With any infectious disease, finding out how the pathogen spreads and who has been exposed is a crucial part of the health response. Across the country, as the coronavirus outbreak grows, disease detectives are on those front lines, investigating the threat, tracking down those who may have come into contact with a COVID-19 infected person, and collecting as much data on this novel illness as possible. And before they go out into the field, these disease detectives are trained at the CDC’s Epidemic Intelligence Service Program.
There are currently 130 EIS officers in the two-year service training program, which recruits physicians, nurses, veterinarians, and doctoral-level scientists, and many of those are out in the field right now, working with state and local health departments to curb the spread, and better understand, the novel coronavirus. (EIS has trained more than 3,600 disease detectives since 1951.) In South Korea, this kind of “contact tracing,” along with mass testing, has helped contain the disease. In the U.S, though COVID-19 is a priority for our disease detectives, now that we’ve hit a point of rapid community spread, this kind of intervention can’t fully contain the coronavirus. That’s why cities are taking steps toward mass quarantine. But still, disease detectives are important to learning as much as we can about this new illness, and that information could help officials better contain and treat COVID-19.
Once in the field, a disease detective’s work always starts with an invitation from a state or local health department, or in some instances an international partner, says Eric Pevzner, chief of the CDC’s EIS Program. “We don’t go anywhere without an invitation,” he says. “Sometimes it can be when there’s a single case, if it’s something very novel and new, or sometimes it can be when there’s a cluster of cases of a known disease, but we’re unsure why people are getting it.”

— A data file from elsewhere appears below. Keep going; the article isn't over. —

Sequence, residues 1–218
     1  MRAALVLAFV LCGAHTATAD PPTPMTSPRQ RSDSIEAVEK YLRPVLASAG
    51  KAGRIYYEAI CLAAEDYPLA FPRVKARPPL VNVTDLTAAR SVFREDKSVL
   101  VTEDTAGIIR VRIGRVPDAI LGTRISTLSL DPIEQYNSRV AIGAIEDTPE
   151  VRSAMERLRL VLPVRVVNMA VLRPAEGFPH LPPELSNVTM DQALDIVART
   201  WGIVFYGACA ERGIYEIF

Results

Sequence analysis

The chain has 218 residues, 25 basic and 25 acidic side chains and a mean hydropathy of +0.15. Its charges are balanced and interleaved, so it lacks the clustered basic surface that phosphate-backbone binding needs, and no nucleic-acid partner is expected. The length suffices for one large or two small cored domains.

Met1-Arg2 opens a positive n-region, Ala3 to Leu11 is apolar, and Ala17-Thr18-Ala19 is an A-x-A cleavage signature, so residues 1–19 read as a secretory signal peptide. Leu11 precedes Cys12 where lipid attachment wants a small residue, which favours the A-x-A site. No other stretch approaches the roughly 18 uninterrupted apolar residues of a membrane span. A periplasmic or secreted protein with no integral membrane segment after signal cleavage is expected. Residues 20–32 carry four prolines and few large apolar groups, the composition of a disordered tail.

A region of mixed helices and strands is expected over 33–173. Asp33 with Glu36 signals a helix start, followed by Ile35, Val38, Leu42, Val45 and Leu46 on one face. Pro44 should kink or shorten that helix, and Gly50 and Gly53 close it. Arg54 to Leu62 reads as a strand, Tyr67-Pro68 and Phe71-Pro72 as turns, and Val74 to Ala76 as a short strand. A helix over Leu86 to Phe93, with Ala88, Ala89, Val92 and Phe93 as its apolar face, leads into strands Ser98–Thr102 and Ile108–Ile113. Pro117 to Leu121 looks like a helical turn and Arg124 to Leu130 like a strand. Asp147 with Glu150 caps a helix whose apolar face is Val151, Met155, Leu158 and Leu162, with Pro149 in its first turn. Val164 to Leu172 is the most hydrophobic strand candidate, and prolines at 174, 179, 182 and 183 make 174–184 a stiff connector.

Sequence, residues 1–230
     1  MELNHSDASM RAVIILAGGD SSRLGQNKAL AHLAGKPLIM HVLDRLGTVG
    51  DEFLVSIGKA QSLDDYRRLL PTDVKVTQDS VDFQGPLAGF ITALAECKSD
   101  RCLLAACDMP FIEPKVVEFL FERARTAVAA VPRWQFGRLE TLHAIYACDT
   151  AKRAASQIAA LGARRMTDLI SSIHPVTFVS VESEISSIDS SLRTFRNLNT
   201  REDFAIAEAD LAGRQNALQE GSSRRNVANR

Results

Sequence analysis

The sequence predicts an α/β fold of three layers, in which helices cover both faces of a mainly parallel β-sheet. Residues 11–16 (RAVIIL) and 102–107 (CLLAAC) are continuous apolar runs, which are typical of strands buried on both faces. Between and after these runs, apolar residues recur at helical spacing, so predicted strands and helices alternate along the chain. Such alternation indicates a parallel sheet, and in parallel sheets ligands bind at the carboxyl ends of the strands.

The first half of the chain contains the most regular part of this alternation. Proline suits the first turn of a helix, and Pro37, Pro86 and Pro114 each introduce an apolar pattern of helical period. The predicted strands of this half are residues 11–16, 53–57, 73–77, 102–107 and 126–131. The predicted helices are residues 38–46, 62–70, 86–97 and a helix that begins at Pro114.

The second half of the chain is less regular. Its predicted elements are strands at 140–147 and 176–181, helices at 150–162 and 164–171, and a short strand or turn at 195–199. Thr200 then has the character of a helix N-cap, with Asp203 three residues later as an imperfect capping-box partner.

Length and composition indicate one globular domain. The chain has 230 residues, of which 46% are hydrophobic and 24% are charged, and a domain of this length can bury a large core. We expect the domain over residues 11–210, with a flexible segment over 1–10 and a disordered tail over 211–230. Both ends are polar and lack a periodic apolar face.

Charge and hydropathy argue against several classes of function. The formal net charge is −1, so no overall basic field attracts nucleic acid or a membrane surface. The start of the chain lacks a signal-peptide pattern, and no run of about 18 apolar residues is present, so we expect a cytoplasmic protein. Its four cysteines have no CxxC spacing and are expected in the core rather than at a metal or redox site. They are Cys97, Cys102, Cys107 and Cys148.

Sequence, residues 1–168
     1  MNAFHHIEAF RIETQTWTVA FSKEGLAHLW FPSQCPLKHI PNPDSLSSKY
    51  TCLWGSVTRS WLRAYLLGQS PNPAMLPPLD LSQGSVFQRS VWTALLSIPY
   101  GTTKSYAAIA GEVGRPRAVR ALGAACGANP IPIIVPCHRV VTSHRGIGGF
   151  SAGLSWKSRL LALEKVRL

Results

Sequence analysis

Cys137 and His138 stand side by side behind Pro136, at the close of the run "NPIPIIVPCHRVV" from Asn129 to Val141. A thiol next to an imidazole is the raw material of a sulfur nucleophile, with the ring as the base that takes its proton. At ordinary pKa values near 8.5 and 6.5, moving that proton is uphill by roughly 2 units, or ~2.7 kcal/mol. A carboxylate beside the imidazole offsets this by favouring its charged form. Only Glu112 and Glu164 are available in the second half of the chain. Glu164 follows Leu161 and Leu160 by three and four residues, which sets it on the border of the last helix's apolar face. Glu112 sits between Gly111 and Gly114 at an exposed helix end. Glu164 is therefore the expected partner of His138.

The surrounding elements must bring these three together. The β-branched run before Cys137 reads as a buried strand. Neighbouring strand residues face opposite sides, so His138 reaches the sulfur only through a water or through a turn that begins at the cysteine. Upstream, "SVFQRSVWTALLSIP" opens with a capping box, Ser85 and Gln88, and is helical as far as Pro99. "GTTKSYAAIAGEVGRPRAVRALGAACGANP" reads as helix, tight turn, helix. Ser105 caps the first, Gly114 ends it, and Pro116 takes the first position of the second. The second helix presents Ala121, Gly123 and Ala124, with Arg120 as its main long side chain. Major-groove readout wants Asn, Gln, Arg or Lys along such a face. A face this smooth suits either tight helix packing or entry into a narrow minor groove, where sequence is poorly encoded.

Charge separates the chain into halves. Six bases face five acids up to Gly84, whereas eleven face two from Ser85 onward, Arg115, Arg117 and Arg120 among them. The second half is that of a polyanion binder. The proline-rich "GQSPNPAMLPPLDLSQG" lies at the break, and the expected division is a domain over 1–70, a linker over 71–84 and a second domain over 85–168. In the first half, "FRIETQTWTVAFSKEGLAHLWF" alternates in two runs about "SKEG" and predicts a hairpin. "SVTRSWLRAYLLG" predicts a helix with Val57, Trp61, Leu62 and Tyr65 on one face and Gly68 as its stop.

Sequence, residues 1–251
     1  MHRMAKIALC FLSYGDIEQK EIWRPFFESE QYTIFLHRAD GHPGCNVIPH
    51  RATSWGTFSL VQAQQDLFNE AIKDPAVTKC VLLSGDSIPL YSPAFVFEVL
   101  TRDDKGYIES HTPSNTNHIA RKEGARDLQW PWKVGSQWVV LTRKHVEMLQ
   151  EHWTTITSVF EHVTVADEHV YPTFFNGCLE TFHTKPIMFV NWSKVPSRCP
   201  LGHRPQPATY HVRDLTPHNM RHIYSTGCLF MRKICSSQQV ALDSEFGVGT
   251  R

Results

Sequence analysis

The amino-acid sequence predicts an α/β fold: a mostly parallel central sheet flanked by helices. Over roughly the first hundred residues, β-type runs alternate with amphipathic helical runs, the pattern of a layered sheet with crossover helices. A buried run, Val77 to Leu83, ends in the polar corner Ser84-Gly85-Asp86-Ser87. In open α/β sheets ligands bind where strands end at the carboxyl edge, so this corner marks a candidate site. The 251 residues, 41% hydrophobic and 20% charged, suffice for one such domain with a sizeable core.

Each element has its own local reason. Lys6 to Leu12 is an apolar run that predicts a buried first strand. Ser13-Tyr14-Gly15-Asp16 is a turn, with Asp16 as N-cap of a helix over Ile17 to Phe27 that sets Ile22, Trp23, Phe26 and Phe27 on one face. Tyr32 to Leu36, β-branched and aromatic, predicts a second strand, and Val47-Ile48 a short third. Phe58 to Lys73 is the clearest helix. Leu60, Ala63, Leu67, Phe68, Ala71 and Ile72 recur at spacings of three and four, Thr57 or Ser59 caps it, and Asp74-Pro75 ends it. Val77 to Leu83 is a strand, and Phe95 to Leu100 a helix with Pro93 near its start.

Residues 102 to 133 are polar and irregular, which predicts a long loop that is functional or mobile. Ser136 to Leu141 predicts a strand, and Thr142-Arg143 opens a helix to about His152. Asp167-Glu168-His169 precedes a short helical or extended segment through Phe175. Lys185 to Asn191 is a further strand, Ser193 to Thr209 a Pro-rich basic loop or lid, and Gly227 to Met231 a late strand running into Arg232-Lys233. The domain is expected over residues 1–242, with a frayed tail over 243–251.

When dealing with something that’s infectious, a lot of the work for a disease detective lies in trying to determine how transmissible that disease is and who else may have been exposed. “You can ask someone if they know the names of the people they’ve been spending time with, and you follow up and you can have a name-based investigation,” Pevzner says. “When it’s people that they may not know by name, then oftentimes you need to do a location-based investigation, so you try to determine where they’ve been spending time, and then you look at the best available data sources to determine who else has been in that shared space.”
Whenever you have an infectious disease, and you have a large public gathering, and you don’t even know how many people in that space have an infection, it definitely makes it much harder for our disease detectives.”
Sometimes this work is easy; disease detectives focused on who that person has spent the most time around, like people in their home or their workplace. If a disease detective is investigating the spread of COVID-19 from someone who has been on a plane, they can look at the flight manifest to find out who else was a passenger (problems getting this information to the CDC seems to have slowed down some tracking in the COVID-19 hunt). Sometimes it’s harder, like if an infected person recently ate at a restaurant. In that case, disease detectives may put out an announcement to find who else was at the restaurant at the same time, work with local public health experts, or get creative with some innovative investigating techniques.